By Katharine Houreld
ADDIS ABABA (Reuters) -A United Nations team visiting refugees in Ethiopia's war-hit Tigray region had failed to stop at two checkpoints when it was shot at over the weekend, the government said on Tuesday, proclaiming it did not need a "baby-sitter".
The U.N. security team was seeking access to the Shimelba camp for Eritrean refugees when they were fired at on Sunday. A U.N. spokesman in Nairobi did not immediately respond to a request for comment.
Prime Minister Abiy Ahmed's army has battled the Tigray People's Liberation Front (TPLF) in the northern region since Nov. 4. Thousands are feared dead and the U.N. estimates that nearly one million people have been displaced by the conflict, around 50,000 of them into neighbouring Sudan.
Redwan Hussein, spokesman for the Ethiopian government's task force for Tigray, told reporters that the U.N. team passed through two checkpoints without stopping while driving hastily to an unauthorized area.
"When they were about to break the third one they were shot at and detained," he said.
Two diplomatic sources told Reuters the U.N. team encountered uniformed Eritrean troops, though both Ethiopia and Eritrea have denied any incursion over the border by President Isaias Afwerki's military.
Abiy and Afwerki signed a peace pact ending two decades of hostilities in 2018 and now regard the TPLF as a mutual foe.
Ethiopia's army has captured the regional capital Mekelle and declared victory, but TPLF leaders say they are fighting back on various fronts around the highland city.
"There are a few remnants of the militia or special forces not yet controlled ... kind of hooligans, outlaws," Redwan said.
ETHIOPIA: 'WE CALL THE SHOTS'
Most communications in Tigray are down and access to the area is severely restricted, making it hard to verify either side's statements. It was not immediately possible to reach the TPLF for comment on the latest government statements.
The United Nations and aid agencies are pressing for safe access to Tigray, which is home to more than 5 million people and where 600,000 relied on food aid even before the conflict.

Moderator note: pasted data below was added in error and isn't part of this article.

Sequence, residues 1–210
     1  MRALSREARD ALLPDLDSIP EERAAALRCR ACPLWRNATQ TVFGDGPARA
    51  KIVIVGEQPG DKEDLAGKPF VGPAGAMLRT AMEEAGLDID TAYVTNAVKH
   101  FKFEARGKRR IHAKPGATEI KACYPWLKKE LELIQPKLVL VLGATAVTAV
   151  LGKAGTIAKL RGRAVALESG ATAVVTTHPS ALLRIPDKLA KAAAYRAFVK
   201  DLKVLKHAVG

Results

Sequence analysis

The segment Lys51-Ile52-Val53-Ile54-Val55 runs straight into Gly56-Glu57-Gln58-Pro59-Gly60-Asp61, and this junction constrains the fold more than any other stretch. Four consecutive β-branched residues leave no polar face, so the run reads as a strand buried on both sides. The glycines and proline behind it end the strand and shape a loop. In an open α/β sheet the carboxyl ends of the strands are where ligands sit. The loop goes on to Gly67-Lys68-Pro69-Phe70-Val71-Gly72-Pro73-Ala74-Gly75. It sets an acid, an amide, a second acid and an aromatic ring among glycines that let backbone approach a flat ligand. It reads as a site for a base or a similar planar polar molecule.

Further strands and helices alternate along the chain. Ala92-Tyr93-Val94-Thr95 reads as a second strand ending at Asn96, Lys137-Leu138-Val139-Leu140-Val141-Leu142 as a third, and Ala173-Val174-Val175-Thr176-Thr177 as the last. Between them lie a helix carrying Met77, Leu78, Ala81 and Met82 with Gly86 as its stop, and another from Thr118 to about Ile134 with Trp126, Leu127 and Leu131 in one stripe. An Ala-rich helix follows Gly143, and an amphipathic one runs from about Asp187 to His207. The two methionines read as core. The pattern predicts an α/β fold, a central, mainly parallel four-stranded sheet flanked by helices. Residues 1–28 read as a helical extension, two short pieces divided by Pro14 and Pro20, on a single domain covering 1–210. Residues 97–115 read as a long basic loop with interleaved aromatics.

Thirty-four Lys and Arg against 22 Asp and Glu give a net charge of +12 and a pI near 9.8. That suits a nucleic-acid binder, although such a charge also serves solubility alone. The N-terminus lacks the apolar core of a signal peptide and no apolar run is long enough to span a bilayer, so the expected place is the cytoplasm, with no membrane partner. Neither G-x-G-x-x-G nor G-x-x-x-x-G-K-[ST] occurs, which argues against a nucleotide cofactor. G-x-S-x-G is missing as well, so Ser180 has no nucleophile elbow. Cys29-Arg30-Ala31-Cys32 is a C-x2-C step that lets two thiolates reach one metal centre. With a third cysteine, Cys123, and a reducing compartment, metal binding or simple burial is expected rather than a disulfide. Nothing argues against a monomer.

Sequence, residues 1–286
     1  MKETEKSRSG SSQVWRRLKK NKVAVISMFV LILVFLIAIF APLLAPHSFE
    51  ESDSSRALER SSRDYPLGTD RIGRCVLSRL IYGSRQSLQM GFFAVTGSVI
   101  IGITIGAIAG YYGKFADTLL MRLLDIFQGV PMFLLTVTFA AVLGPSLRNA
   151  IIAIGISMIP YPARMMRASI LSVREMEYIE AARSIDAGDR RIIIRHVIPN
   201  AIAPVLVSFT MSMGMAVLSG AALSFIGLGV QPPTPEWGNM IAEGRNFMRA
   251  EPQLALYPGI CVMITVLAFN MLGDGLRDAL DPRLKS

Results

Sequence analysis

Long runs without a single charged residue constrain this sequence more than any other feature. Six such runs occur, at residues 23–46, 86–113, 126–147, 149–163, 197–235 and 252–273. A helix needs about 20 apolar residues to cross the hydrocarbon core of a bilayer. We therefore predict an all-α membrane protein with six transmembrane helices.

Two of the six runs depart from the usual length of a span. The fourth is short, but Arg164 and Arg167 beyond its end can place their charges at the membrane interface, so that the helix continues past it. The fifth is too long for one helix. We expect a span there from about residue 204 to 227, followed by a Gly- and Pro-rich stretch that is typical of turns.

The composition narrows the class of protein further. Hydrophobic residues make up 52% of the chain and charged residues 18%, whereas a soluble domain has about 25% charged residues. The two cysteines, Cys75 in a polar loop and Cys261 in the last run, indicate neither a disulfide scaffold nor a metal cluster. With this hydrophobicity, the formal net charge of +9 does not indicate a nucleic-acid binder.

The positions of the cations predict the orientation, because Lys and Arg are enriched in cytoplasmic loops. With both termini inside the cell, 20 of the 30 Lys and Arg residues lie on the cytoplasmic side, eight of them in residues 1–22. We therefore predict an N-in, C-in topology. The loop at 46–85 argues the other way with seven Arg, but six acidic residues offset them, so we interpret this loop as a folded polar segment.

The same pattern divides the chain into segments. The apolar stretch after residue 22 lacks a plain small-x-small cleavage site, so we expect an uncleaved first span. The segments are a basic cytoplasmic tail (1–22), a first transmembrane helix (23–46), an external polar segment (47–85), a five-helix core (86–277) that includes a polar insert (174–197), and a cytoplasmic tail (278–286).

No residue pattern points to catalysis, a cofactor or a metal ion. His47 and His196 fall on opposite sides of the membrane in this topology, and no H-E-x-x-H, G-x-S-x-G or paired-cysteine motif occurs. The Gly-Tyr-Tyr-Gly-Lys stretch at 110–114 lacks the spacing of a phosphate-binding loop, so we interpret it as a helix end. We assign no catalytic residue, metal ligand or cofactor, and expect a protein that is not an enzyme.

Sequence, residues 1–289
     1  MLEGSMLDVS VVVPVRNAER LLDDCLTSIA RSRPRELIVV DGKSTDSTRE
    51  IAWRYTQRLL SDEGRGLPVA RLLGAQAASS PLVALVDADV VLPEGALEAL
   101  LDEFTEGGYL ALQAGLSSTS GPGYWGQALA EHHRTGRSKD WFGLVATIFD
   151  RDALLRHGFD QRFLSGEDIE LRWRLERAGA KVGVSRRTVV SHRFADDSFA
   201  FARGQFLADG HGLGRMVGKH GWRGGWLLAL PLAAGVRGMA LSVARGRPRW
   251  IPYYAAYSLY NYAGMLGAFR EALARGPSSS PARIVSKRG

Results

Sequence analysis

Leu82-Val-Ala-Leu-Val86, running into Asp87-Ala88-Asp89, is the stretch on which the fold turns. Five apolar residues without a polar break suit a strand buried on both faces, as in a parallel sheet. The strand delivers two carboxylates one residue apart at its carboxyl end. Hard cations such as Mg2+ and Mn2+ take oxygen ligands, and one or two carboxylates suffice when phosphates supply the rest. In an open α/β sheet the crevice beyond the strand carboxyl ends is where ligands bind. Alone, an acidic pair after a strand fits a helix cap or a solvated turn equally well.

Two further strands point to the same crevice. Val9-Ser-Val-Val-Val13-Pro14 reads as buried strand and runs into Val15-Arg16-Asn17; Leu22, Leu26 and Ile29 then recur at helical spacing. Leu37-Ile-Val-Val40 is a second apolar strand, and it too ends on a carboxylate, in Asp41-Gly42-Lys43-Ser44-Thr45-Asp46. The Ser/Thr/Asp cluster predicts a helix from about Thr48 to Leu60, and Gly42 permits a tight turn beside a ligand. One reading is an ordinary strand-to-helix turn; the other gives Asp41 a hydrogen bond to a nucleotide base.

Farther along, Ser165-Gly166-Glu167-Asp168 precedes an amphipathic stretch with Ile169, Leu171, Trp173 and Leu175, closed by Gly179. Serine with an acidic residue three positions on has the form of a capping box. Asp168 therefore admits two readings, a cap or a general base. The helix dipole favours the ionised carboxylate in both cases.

"The agreement we entered with the U.N. was in the belief that the U.N. would coordinate with us but the government would call the shots," Redwan said, emphasizing that Ethiopia was capable of helping its own people.
He also said the government would investigate any reports of atrocities or mass killings and allow independent probes if needed. "Ethiopia is being run by a strong functional government," he added. "It doesn't need a babysitter."
In Mekelle, a doctor reached by Reuters said the hospital where he works was "totally non-functional" due to lack of electricity, fuel for generators, oxygen and medical supplies. Medics were unable to perform emergency surgery or effectively treat patients for problems such as childbirth complications and diabetes.
"Patients are dying outside and inside the hospital," he wrote in a message, saying that he was aware of three women who died after delivering babies at home and an infant on a ventilator who died because there was no oxygen.
Ethiopian federal troops were inside the hospital and have not intimidated medical staff or looted, the doctor added.
'PEOPLE CAN NO LONGER WAIT'
The government has said it was delivering aid in areas that it controlled, but relief agencies are increasingly frustrated at the difficult access to Tigray.
The Norwegian Refugee Council said it had waited weeks for clearance to deliver food, shelters and other essentials.
"Children, women and men in Tigray have now borne the brunt of this conflict for more than a month without any emergency assistance from outside the region," it said.
"These people can no longer be made to wait. Aid must not be left at a standstill."
The International Committee of the Red Cross said it had begun distributing clean water in Mekelle.
U.N. refugee agency UNHCR voiced concern at reports some among the 96,000 Eritrean refugees in north Ethiopia were fleeing - within Tigray but also to Sudan and other regions of Ethiopia including Amhara and the capital Addis Ababa.
Many refugees say they have fled repression and forced conscription; Eritrea's government accuses Western powers of smearing it and luring its citizens away.
(Reporting by Katharine Houreld; Additional reporting by Emma Farge in Geneva; Writing by Andrew Cawthorne and Maggie Fick; Editing by Philippa Fletcher and Alex Richardson)